During Gunfighters’ 30 + day DFT (deployment for training), they would fly all mission types they would be called upon to fly when they “go forward” in late 2013. Close Air Support (CAS), Assault Support, Armed Escort, Tactical Recovery of Aircrew Personnel (TRAP), and Armed Reconnaissance are just some of the mission profiles the Gunfighters flew, both day and night.
I had the honor of spending 5 days with Gunfighters during their ITX deployment. For five days I ate, talked, slept, and flew with the Marines of HMLA-369. By all accounts from the Marines I spoke to, 29 Palms has harder living conditions than the base they will occupy later this year. As Lt. Col. Tres “Grinch” Smith, the squadron’s commanding officer, told me – “you put Marines in crappy conditions, austere environments, away from their home and family and morale goes up!” “At ITX, Marines are able to focus on three things – work, sleep, and bonding with their fellow Marines”, said Master Sergeant Higgs of HMLA-369 Maintenance Department.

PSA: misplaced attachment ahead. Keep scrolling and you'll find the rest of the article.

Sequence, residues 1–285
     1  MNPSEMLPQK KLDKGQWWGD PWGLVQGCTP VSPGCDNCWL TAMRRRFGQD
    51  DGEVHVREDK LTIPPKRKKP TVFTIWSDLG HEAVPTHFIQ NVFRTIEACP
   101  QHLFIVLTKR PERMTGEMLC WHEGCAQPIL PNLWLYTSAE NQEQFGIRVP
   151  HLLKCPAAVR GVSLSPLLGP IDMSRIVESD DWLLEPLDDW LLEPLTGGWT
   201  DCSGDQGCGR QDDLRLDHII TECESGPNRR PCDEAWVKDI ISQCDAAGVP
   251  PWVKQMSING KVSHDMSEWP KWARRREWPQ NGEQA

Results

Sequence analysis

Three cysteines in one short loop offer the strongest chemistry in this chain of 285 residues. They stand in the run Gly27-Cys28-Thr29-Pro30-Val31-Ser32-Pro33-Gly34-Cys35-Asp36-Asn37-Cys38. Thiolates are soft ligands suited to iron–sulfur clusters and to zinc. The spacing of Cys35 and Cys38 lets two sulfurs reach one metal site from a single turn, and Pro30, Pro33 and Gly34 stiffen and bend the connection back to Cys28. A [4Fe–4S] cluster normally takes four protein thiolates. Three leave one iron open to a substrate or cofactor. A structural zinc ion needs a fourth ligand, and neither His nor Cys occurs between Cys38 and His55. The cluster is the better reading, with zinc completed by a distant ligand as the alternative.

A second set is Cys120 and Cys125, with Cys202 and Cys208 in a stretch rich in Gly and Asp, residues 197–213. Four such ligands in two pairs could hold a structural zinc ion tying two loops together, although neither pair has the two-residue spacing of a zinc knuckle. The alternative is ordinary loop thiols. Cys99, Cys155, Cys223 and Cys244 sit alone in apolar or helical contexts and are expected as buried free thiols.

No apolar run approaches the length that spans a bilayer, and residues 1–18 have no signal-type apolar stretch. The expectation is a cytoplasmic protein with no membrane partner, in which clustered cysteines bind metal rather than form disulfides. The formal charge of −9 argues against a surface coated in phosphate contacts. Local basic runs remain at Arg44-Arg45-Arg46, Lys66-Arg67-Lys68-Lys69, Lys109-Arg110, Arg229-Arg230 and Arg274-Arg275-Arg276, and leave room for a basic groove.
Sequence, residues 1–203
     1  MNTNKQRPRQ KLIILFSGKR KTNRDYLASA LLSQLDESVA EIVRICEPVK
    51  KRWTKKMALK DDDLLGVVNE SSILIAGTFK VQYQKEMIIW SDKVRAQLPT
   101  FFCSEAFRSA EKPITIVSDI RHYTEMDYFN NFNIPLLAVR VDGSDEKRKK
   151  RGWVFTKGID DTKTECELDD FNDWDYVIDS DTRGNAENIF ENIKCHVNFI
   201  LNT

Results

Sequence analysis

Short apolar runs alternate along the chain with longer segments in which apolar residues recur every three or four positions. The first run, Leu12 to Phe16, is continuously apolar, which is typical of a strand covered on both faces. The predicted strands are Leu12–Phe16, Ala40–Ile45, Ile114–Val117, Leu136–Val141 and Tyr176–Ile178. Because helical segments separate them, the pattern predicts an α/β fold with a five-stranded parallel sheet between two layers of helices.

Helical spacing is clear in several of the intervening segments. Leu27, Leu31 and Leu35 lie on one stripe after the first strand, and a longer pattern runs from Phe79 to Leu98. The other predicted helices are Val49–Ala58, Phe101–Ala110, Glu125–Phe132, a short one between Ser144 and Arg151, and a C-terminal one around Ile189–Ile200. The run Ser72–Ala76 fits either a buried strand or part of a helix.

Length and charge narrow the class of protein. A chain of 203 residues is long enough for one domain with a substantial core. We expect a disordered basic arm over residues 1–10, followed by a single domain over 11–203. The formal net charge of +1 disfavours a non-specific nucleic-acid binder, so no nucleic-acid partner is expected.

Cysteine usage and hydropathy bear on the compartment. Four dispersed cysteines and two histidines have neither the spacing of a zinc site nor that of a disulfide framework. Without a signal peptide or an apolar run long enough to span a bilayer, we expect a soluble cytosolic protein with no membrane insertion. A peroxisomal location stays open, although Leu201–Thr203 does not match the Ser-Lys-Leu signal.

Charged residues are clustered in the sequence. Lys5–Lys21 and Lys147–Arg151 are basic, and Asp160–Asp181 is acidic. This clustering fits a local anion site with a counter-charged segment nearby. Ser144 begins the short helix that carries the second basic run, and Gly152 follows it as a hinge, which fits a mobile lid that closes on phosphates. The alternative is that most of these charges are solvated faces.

And morale was measured, among other things, by the number of aircraft that were mission capable (or “up aircraft”) and missions completed. I witnessed this morale during a late afternoon launch. Two AH-1W Cobras where scheduled to launch for a live fire CAS Mission. One of the Cobra’s became non flyable, requiring the Cobra crew to fly the back up aircraft. One problem, they had to be on station in 15 minutes and the back up aircraft wasn’t loaded with ordnance. At the time there were a hand full of Plane Captains and maintainers on the ramp. In the blink of an eye, Marines came running from all parts of the ramp. Like a well-choreographed ballet in 90-degree temperatures, Marines (including one of the Cobra pilots) unloaded the broken Cobra and loaded the back up Cobra in five minutes. I was later told that this process takes 30 minutes to accomplish during a normal launch cycle.